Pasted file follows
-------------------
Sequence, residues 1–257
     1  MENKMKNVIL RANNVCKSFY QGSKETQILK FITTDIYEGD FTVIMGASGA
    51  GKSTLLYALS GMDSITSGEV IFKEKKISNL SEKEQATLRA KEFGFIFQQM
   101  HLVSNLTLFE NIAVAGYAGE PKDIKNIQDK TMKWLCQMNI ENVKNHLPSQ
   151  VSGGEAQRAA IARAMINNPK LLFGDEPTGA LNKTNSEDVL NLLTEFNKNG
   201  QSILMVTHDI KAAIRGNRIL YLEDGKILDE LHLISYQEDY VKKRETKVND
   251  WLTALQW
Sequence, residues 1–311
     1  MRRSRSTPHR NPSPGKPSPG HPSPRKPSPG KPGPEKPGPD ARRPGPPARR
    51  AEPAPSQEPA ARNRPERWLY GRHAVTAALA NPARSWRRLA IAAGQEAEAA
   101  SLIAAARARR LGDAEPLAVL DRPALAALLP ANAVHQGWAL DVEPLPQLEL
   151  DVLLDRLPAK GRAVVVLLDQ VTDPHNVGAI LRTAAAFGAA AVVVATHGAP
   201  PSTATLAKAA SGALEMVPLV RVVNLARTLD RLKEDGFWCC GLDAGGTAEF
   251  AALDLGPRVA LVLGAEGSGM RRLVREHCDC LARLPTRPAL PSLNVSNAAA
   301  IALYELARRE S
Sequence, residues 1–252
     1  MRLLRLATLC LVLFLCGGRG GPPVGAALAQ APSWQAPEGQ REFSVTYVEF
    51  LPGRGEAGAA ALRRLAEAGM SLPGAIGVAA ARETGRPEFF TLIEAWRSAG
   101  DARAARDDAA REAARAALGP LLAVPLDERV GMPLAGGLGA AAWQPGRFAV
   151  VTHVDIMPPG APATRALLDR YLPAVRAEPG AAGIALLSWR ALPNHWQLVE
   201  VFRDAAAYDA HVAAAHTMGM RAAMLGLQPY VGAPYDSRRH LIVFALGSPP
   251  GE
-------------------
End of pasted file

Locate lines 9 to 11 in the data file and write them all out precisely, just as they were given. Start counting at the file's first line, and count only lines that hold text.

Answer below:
     1  MRRSRSTPHR NPSPGKPSPG HPSPRKPSPG KPGPEKPGPD ARRPGPPARR
    51  AEPAPSQEPA ARNRPERWLY GRHAVTAALA NPARSWRRLA IAAGQEAEAA
   101  SLIAAARARR LGDAEPLAVL DRPALAALLP ANAVHQGWAL DVEPLPQLEL